The current budget should allow for processing the 85,000 total refugees – up from 70,000 last year – that the administration plans to resettle in 2016, officials say. But the administration clearly is out to preserve the bipartisan support for refugee resettlement, especially as it aims to continue increasing the numbers admitted.
“As [refugee resettlement] expands further, it’ll ... be dependent on continued support from Congress, from the Appropriations Committees especially, to fund the program,” says the official, one of three senior officials from federal agencies who briefed reporters Tuesday.
Federal officials sound confident that they can allay the concerns mounting in Congress by fully explaining a screening process for refugees that they describe as “extensive” – and “enhanced” in the case of Syrians and Iraqis.
Every candidate undergoes a series of biographical and biometric checks and interviews that take from 18 months to two years to complete. The final decision on a candidate’s admissibility rests with the Department of Homeland Security, but applications are also reviewed by the Federal Bureau of Investigation and the Defense Department.
One piece of false information that officials say is blooming on social media is the claim that the United Nations decides which Syrians go to the US. While the UN agency in charge of refugee services does refer refugee candidates – thus acting as a “first filter,” as US officials say – the screening process and final decisions on admission are in US hands.
Some refugee advocates have criticized the US process for being too long and cumbersome, but officials insist that the result is a refugee population with very few run-ins with the law – including among the nearly 2,200 Syrians (about half of whom are males, but only about 2 percent of whom are single males of “combat age,” according to the State Department) admitted so far to the US.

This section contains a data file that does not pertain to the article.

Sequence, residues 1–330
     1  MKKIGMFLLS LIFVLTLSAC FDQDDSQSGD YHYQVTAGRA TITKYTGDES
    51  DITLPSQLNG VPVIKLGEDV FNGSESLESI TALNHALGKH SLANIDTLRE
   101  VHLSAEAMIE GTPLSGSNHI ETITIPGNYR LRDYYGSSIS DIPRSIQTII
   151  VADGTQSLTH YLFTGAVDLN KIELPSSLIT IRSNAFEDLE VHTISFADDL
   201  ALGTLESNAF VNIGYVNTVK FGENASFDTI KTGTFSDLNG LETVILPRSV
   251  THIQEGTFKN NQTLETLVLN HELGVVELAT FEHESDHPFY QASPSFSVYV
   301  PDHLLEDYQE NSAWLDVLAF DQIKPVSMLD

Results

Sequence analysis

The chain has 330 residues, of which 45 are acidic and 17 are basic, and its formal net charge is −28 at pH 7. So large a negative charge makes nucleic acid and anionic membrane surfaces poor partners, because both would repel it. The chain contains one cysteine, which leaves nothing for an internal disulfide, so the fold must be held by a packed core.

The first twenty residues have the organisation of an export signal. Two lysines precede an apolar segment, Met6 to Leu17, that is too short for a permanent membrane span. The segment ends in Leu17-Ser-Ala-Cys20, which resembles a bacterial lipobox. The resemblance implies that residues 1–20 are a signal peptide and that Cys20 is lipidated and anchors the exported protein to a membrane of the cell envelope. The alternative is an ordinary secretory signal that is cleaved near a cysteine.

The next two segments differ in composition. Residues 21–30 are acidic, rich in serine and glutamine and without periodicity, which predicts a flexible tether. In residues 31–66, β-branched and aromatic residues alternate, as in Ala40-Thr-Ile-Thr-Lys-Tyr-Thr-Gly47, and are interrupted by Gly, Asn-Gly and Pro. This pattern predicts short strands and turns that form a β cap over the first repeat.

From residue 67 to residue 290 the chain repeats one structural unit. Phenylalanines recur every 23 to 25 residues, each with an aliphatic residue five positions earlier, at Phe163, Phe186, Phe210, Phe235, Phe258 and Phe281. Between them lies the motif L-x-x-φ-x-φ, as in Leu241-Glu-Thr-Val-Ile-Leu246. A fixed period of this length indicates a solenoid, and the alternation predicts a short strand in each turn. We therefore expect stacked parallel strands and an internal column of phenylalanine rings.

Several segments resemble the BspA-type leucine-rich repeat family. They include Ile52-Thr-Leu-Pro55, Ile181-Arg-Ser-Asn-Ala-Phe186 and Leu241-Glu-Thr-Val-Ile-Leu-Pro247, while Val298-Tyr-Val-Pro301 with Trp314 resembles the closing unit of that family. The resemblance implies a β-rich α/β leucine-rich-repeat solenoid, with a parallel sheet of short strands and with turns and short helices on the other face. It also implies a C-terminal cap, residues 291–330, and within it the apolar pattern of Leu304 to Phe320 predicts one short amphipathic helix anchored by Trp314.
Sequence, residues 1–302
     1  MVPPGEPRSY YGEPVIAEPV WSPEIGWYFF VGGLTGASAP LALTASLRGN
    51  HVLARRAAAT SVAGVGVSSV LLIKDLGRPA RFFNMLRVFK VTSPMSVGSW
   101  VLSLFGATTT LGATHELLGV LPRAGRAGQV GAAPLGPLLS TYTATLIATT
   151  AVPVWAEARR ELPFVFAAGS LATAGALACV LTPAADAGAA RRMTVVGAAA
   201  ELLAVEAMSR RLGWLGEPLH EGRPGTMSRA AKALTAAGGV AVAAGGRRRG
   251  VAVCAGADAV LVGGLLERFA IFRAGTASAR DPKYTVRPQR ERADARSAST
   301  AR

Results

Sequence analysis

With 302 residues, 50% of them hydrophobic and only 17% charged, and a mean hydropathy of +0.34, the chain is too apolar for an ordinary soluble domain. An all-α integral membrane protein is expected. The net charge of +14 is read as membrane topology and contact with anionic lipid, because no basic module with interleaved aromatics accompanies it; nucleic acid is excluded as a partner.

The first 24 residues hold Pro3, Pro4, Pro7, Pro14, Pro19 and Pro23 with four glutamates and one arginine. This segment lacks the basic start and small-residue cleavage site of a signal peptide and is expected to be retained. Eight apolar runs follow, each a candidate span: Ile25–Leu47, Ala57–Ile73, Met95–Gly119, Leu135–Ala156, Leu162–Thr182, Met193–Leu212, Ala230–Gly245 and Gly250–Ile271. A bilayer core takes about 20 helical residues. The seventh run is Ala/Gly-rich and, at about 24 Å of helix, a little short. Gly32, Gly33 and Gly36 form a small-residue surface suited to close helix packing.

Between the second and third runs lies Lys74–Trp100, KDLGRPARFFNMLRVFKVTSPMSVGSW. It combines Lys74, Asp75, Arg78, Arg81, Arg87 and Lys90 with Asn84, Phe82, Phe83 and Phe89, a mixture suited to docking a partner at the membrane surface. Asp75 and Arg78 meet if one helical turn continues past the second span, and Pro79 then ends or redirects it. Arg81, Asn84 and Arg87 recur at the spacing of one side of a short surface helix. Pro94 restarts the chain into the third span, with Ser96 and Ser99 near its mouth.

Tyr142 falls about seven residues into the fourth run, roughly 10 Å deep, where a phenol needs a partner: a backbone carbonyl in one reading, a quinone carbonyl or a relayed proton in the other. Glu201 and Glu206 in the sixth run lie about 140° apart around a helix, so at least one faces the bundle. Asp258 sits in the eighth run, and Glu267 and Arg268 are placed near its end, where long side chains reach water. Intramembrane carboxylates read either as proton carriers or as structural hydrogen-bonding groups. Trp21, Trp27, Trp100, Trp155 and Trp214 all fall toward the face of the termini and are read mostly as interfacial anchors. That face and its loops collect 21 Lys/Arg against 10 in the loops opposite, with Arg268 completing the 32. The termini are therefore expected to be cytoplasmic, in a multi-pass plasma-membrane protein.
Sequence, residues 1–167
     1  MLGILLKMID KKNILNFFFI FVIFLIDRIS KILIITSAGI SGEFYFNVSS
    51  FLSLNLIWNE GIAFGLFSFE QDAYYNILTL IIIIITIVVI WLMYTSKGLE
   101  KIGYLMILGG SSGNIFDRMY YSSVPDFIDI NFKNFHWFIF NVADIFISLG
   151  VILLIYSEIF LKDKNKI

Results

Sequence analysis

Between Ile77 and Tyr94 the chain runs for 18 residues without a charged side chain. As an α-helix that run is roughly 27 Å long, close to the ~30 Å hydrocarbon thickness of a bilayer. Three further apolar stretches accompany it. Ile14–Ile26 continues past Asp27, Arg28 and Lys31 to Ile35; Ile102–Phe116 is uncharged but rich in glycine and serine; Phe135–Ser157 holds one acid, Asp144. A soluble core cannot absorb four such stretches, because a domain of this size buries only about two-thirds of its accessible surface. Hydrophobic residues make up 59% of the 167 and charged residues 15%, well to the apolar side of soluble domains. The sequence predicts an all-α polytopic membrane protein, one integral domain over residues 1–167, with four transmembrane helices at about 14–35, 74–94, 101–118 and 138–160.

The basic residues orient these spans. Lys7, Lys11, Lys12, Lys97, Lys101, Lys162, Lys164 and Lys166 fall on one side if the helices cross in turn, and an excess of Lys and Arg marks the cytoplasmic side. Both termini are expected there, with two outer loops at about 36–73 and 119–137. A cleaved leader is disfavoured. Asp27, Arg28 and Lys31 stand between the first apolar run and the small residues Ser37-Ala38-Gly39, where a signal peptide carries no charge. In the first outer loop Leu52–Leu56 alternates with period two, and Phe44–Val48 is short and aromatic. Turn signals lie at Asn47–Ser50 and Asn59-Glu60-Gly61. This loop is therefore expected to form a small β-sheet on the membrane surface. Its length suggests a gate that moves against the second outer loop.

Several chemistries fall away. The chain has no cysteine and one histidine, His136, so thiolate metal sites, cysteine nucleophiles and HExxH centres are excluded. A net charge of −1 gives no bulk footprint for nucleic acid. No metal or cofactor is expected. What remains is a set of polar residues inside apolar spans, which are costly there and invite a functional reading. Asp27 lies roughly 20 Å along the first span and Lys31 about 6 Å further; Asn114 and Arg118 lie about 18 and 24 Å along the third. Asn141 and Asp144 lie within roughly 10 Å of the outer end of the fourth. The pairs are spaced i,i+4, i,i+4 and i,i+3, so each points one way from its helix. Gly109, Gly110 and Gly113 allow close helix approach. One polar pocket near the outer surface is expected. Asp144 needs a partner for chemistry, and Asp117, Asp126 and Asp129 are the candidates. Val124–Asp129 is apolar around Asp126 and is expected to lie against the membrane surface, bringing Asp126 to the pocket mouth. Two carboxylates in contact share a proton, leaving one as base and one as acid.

Still, the administration’s insistence that the US has a rigorous screening program has been ridiculed by some dubious critics.
Saying it takes only one Islamic State fighter out of 1,000 refugees to cause a “problem,” Republican presidential hopeful Sen. Marco Rubio said Sunday on ABC, "There is no background check system in the world that allows us to find that out, because who do you call in Syria to background-check them?"
Other Republican presidential aspirants appeared to want to outdo Senator Rubio of Florida. Texas Sen. Ted Cruz is proposing a religion test that would bar Syrian Muslims but welcome Syrian Christians, while Jeb Bush also said any Syrian refugees should be Christian. New Jersey Gov. Chris Christie said that not even a 5-year-old Syrian orphan should be taken under America’s wing.
The escalating anti-Syrian rhetoric appeared to shock some Republicans, including Arizona Sen. John McCain, who echoed Obama in blasting the idea of applying a religious test to Syrian refugees. Particularly offensive, Senator McCain suggested, was the idea of subjecting children to such a test.
“I don’t think any child, whether they are Christian or whether they are atheist or whether they are Buddhist, that we should make a distinction,” the 2008 GOP presidential nominee said. “My belief is that all children are God’s children.”